To aid in interpreting the index of discrimination, the maximum discrimination value and the discriminating efficiency are given for each item. The maximum discrimination is the highest possible index of discrimination for an item at a given level of difficulty. For example, an item answered correctly by 60% of the group would have an index of difficulty of 40 and a maximum discrimination of 80. This would occur when 100% of the upper group and 20% of the lower group answered the item correctly. The discriminating efficiency is the index of discrimination divided by the maximum discrimination. For example, an item with an index of discrimination of 40 and a maximum discrimination of 50 would have a discriminating efficiency of 80. This may be interpreted to mean that the item is discriminating at 80% of the potential of an item of its difficulty. For a more detailed discussion of the maximum discrimination and discriminating efficiency concepts, see the Interpreting the Index of Discrimination document.

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Other Item Statistics

Some test analysts may desire more complex item statistics. Two correlations which are commonly used as indicators of item discrimination are shown on the item analysis report. The first is the biserial correlation, which is the correlation between a student's performance on an item (right or wrong) and his or her total score on the test. This correlation assumes that the distribution of test scores is normal and that there is a normal distribution underlying the right/wrong dichotomy. The biserial correlation has the characteristic, disconcerting to some, of having maximum values greater than unity. There is no exact test for the statistical significance of the biserial correlation coefficient.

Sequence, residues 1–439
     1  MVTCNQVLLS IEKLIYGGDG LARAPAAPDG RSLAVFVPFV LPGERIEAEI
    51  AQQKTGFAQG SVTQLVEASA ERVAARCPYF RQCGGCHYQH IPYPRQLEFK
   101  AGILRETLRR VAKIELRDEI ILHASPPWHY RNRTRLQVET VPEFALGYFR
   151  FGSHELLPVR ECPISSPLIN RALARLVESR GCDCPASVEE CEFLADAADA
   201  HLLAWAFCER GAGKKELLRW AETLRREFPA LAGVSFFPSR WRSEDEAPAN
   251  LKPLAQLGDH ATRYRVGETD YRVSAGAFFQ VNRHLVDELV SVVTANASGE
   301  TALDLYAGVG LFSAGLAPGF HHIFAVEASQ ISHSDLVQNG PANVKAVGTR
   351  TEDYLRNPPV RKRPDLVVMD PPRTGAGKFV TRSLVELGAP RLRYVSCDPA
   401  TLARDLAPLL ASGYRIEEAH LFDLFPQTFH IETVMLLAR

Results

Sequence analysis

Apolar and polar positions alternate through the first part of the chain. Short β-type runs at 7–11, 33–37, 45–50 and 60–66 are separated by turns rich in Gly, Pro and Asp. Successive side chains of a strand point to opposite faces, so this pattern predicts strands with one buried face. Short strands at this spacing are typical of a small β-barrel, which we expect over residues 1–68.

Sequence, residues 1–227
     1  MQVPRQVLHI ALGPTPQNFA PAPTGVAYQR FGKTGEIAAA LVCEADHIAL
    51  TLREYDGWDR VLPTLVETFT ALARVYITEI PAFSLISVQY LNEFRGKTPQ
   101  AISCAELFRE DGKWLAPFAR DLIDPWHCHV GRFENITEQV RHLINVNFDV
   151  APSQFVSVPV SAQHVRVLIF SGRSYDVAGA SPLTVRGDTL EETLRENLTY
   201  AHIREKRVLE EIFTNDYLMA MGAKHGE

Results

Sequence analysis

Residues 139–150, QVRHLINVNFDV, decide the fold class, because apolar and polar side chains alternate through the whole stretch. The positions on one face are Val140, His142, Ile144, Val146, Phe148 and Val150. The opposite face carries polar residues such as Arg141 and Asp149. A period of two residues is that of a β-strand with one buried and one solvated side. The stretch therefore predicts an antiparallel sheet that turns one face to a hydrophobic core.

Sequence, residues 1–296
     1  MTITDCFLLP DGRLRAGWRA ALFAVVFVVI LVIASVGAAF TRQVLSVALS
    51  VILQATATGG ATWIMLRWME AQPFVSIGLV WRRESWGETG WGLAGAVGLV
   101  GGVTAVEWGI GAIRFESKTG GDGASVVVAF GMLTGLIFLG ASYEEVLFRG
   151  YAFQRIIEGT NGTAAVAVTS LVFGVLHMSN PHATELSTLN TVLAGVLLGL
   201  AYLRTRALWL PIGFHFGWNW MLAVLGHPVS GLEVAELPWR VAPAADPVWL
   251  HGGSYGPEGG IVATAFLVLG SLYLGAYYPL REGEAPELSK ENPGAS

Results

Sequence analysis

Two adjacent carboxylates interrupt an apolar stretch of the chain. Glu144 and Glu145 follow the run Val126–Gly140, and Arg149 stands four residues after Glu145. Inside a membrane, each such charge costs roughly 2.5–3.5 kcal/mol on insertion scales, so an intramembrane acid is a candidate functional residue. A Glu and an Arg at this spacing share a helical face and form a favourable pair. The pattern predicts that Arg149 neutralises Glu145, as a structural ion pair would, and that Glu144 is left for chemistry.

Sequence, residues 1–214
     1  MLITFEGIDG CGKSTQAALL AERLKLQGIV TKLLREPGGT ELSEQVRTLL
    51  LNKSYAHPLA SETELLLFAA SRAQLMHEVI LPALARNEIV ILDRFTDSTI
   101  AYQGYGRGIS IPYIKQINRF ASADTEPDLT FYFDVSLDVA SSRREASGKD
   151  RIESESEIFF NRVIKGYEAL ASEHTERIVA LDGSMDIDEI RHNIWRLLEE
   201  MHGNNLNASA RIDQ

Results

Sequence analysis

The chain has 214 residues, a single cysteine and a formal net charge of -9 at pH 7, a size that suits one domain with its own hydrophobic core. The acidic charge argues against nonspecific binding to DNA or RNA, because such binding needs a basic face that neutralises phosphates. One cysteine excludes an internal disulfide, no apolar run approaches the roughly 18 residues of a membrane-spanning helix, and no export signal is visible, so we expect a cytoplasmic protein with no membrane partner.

The point biserial correlation is also a correlation between student performance on an item (right or wrong) and test score. It assumes that the test score distribution is normal and that the division on item performance is a natural dichotomy. The possible range of values for the point biserial correlation is +1 to -1. The Student's t test for the statistical significance of the point biserial correlation is given on the item analysis report. Enter a table of Student's t values with N - 2 degrees of freedom at the desired percentile point N, in this case, is the total number of students appearing in the item analysis.

The mean scores for students who got an item right and for those who got it wrong are also shown. These values are used in computing the biserial and point biserial coefficients of correlation and are not generally used as item analysis statistics.